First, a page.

This paper provides evidence on the association between individuals’ cognitive abilities, personality traits, and earnings. I find that cognitive skills and certain personality traits are complements. In particular, I find that cognitive skills and emotional stability are complementary, with neurotic individuals having significantly lower returns to their cognitive skills. Furthermore, my results indicate that agreeableness, neuroticism, and – surprisingly – grit are penalised signiﬁcantly in the labour market; and that there is a positive relationship between conscientiousness and wages. Finally, I observe that, contrary to previous findings, women and men have similar returns to personality traits. I use well-established measures of cognitive skills and personality: namely, competence tests from the PIAAC survey to assess cognitive skills, as well as the Big Five inventory and the Grit scale to assess personality traits.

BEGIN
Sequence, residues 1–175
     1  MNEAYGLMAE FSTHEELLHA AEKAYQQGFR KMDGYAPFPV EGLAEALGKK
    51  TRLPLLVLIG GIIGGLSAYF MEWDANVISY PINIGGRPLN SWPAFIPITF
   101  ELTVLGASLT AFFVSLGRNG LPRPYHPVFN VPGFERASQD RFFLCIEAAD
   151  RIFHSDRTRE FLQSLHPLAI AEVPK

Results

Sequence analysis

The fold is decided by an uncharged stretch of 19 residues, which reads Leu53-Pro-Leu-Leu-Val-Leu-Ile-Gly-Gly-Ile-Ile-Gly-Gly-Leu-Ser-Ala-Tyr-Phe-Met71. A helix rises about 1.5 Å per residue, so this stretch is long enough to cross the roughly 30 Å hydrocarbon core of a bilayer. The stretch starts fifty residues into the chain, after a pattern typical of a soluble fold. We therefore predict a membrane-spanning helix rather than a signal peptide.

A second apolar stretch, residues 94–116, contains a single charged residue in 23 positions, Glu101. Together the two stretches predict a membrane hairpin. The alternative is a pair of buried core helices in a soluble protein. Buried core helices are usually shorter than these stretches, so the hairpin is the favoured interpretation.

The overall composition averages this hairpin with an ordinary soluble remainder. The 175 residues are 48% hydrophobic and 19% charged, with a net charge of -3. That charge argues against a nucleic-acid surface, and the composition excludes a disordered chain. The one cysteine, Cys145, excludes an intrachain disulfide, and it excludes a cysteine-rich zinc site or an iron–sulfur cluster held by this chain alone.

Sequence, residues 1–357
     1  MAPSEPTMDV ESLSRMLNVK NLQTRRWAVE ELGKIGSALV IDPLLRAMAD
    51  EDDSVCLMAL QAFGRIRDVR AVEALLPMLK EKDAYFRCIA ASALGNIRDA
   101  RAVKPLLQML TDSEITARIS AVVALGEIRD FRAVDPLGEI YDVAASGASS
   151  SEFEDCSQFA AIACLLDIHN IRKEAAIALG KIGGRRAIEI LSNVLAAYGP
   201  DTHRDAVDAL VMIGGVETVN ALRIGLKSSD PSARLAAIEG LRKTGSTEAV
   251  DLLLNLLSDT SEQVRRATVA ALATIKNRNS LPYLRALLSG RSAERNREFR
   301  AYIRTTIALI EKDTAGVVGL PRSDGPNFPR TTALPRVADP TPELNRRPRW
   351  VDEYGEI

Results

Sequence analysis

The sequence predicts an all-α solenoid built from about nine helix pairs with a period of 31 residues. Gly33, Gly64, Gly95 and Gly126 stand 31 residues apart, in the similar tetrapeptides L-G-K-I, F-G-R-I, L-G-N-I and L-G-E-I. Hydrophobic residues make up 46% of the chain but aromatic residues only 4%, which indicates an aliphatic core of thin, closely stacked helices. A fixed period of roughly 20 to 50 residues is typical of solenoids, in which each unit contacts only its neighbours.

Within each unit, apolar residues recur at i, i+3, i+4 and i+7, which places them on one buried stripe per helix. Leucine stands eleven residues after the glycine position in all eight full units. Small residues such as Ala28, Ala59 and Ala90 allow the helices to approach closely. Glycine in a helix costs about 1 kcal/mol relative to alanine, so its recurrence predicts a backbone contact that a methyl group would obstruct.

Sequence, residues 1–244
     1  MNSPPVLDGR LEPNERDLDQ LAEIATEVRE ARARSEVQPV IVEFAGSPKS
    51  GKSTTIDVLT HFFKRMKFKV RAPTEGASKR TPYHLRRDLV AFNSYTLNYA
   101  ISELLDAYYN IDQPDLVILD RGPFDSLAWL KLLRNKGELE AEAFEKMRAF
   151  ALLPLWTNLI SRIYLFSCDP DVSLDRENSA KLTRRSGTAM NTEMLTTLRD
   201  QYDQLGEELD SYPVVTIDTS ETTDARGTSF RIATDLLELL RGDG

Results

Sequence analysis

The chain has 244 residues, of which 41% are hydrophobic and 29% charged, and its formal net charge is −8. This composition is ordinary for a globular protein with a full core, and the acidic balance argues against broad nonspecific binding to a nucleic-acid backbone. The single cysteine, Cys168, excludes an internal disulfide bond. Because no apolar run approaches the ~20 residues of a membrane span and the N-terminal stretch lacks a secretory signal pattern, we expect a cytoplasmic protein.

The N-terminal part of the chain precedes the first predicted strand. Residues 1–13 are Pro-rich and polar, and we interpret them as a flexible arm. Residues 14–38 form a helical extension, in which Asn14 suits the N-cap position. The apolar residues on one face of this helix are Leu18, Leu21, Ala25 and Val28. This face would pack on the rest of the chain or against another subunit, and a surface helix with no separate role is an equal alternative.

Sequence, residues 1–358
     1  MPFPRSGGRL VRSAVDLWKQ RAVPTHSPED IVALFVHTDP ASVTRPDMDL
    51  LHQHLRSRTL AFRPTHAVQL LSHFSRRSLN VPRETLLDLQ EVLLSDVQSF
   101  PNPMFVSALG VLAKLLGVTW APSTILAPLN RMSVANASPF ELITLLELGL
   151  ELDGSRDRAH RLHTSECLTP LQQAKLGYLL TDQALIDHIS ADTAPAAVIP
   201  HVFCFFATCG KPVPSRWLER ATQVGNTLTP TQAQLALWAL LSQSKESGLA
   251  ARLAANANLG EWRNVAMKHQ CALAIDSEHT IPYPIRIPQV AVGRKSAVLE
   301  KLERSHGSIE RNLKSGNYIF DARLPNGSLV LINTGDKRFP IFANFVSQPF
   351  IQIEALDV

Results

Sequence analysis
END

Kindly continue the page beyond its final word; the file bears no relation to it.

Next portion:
This work was supported by the Polish National Science Centre (grant number 2017/27/B/HS4/01201).